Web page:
Definitely like hookup suggests, tell everyone you know you're looking. Offering to pay a decent price, maybe $1 a lb. might motivate strangers who would otherwise be reluctant to just give it away.

Another fun way to source scrap lead is to scavenge. I've gotten a fair amount from abandoned buildings, and old dump sites particulary those with construction rubble. A pile of old metal roofing might include flashing, and an old collapsed house might also have lead pipe in addition to roof flashing. If you locate sheet flashing, look also for rounds that were used at the base of vent pipes. Old iron or steel drain pipes have a fair amount of plumber's lead sealing the joins between sections.
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03-11-2017, 03:30 AM,
#6
RE: lead and pricing
Good pure lead from rotometals is a good buy. You need to spend 100 or more to get free shipping
Wishing all, Tight Lines and Bent wriggling rods!
KDog!
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03-11-2017, 01:09 PM,
#7
RE: lead and pricing
When I get scrap lead, I'll melt it down, flux w/ wax, and skim any impurities that float to the top. I usually get allot of flotsam - especially from tire weights. Then I'll ladle it into a mini-sized muffin pan. Muffin's fit nicely into a Lees pouring pot.

I just poured over 300 jigs this morning with the lead muffins and had maybe a golf ball size, if that, of crap that I skimmed off the top of the lead

I'm thinking the lead you got off of eBay was not fluxed & skimmed prior to being poured into ingots. I wouldn't be buying from that source anymore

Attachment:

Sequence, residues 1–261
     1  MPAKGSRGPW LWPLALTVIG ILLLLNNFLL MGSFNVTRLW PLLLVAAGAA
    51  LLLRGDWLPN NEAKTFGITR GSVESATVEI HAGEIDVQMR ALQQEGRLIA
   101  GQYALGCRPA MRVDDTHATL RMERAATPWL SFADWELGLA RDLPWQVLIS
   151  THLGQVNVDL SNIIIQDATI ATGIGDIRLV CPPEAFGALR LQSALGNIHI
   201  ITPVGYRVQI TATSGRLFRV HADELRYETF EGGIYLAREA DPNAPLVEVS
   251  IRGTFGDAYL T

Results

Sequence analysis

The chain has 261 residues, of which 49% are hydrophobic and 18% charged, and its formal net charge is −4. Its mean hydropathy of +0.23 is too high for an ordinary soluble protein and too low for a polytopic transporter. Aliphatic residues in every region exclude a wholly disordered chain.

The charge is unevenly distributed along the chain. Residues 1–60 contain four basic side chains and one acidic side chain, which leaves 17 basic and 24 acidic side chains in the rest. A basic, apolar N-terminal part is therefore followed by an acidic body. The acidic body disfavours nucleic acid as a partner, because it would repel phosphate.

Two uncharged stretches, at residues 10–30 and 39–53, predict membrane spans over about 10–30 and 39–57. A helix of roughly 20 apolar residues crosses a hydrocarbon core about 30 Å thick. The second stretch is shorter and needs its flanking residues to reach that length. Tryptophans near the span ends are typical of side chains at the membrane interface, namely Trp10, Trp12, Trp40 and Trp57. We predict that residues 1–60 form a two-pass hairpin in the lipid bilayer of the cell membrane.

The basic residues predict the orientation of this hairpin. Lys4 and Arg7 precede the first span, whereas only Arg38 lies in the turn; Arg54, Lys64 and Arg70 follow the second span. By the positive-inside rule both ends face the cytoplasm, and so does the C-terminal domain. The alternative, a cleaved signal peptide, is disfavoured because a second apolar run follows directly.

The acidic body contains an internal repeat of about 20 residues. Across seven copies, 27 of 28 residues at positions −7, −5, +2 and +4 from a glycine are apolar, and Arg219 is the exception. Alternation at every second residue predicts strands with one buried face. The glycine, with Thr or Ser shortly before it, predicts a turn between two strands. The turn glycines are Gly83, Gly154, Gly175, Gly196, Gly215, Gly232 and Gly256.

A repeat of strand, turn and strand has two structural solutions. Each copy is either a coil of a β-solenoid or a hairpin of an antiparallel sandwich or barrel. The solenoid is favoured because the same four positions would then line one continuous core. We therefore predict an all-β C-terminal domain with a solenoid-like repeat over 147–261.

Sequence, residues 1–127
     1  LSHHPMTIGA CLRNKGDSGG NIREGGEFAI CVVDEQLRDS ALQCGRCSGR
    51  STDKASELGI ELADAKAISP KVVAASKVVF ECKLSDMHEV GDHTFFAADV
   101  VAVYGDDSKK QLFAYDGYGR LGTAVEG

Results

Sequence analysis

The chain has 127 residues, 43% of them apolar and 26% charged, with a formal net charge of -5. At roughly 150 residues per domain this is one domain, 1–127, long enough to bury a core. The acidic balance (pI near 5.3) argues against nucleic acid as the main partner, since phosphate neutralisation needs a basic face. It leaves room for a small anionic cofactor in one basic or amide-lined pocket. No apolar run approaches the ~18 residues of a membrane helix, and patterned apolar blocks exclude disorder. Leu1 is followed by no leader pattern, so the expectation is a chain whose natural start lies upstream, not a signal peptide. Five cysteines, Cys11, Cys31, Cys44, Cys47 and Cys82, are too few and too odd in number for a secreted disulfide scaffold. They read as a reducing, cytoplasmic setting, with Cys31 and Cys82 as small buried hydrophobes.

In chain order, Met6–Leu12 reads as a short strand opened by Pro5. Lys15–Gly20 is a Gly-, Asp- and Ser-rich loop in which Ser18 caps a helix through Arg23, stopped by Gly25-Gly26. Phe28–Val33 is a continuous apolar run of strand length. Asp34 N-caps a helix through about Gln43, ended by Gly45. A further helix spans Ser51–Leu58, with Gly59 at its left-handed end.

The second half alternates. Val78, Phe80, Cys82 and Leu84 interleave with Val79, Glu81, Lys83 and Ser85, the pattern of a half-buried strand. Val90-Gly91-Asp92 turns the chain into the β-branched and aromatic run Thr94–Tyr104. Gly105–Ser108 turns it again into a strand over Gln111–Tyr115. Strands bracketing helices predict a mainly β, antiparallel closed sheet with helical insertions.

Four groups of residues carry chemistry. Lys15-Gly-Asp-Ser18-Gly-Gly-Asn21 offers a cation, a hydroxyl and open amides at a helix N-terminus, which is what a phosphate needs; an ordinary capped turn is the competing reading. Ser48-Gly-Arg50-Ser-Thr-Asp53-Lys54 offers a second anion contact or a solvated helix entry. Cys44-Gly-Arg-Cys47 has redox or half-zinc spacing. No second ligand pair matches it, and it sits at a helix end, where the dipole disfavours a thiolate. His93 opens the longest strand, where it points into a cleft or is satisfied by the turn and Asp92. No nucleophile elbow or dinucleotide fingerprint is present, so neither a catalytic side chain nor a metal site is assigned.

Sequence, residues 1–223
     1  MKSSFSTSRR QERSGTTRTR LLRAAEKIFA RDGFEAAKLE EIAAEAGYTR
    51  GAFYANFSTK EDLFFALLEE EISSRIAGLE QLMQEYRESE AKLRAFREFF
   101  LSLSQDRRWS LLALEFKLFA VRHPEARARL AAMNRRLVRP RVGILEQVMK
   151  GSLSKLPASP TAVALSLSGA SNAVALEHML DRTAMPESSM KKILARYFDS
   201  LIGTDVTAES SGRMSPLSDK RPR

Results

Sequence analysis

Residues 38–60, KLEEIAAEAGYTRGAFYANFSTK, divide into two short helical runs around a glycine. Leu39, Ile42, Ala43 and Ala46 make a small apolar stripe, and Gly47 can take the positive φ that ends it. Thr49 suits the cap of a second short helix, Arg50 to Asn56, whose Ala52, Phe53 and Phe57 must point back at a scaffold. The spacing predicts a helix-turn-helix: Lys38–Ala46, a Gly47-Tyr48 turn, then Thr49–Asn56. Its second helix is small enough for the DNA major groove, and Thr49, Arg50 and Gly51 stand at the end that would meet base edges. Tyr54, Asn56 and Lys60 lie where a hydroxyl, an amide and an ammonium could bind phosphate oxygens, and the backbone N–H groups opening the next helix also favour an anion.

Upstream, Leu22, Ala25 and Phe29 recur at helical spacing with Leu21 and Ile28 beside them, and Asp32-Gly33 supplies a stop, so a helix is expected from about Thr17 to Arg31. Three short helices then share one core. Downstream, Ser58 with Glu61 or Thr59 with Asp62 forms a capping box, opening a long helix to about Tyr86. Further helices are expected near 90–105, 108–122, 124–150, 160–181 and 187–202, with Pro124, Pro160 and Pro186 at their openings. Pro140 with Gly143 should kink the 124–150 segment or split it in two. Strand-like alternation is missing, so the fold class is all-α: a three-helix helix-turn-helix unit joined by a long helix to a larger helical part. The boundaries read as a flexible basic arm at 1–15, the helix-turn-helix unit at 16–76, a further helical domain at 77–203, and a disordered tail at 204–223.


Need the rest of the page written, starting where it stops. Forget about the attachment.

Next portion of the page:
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03-11-2017, 04:21 PM, (This post was last modified: 03-11-2017, 04:25 PM by duffy.)
#8
RE: lead and pricing
Smile double post
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03-11-2017, 04:23 PM,
#9
RE: lead and pricing
Was going to mention Rotometals also. If you sign up on their site they send out specials during the year usually close to holidays. Also keep an eye on the site from time to time as prices fluctuate. Always have to be cautious of scrap lead to make sure it hasn't any zinc in it otherwise you'll mess up a whole pot of good lead.
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03-11-2017, 07:15 PM,
#10
RE: lead and pricing
Quote:1. hookup's description of shielding cannisters for nuclear medicine is more accurate than my assuming they were for x-ray use, since they are generally sourced from hospitals. The 33# ones shaped like a no neck squat bowling pin is really good stuff.

Never seen one of those. The ones I got weight between 4-6# and hold a small glass jar w/ medicine. During the time the guy had the job of transporting nuclear medicine, we discovered the max weight you can stick into a medium sized priority mail box is 70#'s.

Quote:Always have to be cautious of scrap lead to make sure it hasn't any zinc in it otherwise you'll mess up a whole pot of good lead.

Now I'm no expert, but ...

The melting temperature of lead is 621.5dF (Google) and the melting temperature of zinc is is 787.2dF (again, Google). Lead is heavier than zinc, so even if the pot is above 787dF and the zinc turns to liquid, then the zinc will float to the top and you can remove it easily. With that said, I don't know what crap I get in lead tire weights, but in liquid form, the denser material sinks (lead) and the lighter material (zinc, other crap) floats to the top, which can be skimmed off easily with an old kitchen spoon. Sorta like oil&water or fat&gravy